Music? Yes, she nodded.
The music served two purposes. It drowned out the loud sound of the machines inside the shed and it prevented the tired children from falling asleep over their dull and routine jobs. And suddenly I realised I was surrounded by the secret factories. Music blared out of a mud hut with rolling shutters. That house opposite the mosque had three thick cables running into it. That house which looked like someone’s home had menacing guards around it.
II couldn’t get into any of them as they were all guarded by tough looking men. After a lot of patient waiting, I was finally able to sneak into an unguarded factory and talk to the “workers”…mostly women and girl children. They were wary, cagey… they didn’t want to lose their jobs. For most, it was the only life they knew. Their mothers and sisters and even brothers had worked in similar units before them. They worked as bonded labour because their parents had borrowed heavily from the owners. They could not escape.
The lady from the NGO discreetly pointed to a young boy and girl. They were from a different village she whispered to me and they stayed in a room attached to the factory. She was certain they were being sexually abused by the factory manager and there was nothing she could do.
It is not as if these “factory” owners did not know the law. They knew the law full well and had taken the utmost precaution to avoid getting caught. Why would such establishments even bother about complaint committees?
In my long stint as a journalist, I have met many women and girls from small business establishments, garment factories, tea estates, mills, cracker factories, cashew processing units, fish processing units and many other institutions which somehow seem to fall below the radar. For many of these women, sexual and physical harassment is routine and something which has to be tolerated if they need to hold on to their jobs.
They have no lists warning them of predators. Just the whisper networks. Even if there were lists, they wouldn’t be able to read them. They have no knowledge of their rights. They just know who they should try to avoid. They have no committees to whom they can complain. They try to protect each other. They are wary about patriarchal trade unions often dominated by their own aggressors. They prefer to share and support each other through their own informal friend groups. They have learnt over generations to be submissive and to put up with the insults, the physical punishments and the crude manhandling and sexual assaults because they know no other life or any other way of earning a livelihood.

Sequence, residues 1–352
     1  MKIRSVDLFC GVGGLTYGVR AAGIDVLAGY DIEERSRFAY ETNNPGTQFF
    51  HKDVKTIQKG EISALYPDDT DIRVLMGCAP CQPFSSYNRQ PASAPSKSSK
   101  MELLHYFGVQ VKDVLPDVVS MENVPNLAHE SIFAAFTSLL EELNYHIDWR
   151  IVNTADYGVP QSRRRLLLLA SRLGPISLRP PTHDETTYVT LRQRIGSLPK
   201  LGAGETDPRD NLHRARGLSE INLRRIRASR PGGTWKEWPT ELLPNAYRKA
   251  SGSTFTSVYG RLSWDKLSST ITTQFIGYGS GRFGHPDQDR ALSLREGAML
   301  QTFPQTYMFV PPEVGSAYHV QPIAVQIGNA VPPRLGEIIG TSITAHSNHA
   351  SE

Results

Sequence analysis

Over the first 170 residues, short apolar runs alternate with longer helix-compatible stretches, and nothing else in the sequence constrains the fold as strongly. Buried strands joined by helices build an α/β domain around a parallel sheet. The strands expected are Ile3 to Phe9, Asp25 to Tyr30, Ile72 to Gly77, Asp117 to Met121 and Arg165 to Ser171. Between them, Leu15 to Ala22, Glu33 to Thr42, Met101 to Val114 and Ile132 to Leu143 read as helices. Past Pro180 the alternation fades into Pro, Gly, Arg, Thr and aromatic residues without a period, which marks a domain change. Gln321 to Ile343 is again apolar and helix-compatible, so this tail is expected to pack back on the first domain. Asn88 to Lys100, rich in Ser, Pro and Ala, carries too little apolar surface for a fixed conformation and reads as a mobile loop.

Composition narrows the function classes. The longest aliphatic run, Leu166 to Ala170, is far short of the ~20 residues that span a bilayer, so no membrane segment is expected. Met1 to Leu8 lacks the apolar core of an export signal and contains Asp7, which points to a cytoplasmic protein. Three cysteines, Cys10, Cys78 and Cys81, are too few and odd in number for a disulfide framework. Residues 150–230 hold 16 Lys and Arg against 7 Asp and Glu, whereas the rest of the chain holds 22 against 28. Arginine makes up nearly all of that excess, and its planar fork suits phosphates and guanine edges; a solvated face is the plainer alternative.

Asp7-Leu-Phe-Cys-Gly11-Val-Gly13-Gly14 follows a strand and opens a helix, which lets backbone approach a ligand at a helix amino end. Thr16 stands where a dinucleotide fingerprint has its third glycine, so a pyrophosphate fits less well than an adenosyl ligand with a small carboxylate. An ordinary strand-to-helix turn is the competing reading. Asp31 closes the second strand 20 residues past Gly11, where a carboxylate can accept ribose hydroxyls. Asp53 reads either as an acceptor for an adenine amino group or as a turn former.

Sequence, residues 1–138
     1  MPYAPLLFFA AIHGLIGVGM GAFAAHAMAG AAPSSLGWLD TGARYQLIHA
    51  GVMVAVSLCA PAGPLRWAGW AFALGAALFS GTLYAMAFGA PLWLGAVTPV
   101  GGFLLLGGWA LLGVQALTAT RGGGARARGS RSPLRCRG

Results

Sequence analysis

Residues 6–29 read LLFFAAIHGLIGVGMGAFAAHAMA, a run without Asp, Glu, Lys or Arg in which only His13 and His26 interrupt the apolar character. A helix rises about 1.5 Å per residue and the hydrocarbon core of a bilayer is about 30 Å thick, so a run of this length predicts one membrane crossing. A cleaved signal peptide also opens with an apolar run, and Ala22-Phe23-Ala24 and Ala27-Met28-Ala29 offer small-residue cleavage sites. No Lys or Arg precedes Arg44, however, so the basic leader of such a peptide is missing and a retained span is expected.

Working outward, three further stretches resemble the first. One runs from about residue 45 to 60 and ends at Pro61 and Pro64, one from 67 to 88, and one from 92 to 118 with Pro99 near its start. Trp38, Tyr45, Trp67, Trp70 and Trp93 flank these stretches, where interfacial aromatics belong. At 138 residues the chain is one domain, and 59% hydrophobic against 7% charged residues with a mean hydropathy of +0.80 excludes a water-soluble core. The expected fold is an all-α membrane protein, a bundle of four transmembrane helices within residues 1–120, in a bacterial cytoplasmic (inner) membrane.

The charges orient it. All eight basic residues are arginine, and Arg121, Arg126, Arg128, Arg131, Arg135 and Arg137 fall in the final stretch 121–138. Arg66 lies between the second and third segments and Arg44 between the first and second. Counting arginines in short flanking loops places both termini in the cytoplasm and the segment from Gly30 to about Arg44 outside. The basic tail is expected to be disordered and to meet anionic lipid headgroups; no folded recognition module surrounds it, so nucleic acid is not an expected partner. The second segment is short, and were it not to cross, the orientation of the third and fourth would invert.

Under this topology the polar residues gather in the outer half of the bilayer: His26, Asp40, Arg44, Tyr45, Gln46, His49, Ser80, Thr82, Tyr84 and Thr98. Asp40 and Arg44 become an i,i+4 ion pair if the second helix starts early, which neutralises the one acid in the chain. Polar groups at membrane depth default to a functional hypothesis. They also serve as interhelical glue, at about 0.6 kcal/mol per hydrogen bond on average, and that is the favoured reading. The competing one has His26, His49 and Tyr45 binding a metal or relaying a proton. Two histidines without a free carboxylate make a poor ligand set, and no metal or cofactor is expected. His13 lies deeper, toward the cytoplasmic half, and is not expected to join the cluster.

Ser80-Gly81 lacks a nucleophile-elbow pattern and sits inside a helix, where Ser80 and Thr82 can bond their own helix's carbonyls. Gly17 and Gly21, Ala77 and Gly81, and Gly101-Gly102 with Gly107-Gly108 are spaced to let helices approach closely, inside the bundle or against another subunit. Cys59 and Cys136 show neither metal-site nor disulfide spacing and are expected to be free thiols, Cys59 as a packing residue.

These are working women who need as much protection as their sisters who work in established organisations. But, they are in a way wrapped in their own cocoons. They are totally unaware of the international outrage over sexual assault by 'five-star predators'. For the woman on the factory floor, the immediate now is important…how can she avoid getting her breasts squeezed by a lecherous manager or inch past the overseer without getting pawed? For the little girl locked into her hostel room, the nightmare of repeated assault is her preoccupation and her dreams are of escape.
We have good legislation, but of what use is it if the law is not implemented? When even established institutions do not have working ICCs, what chance do these women have of ever getting a committee which will address their problems?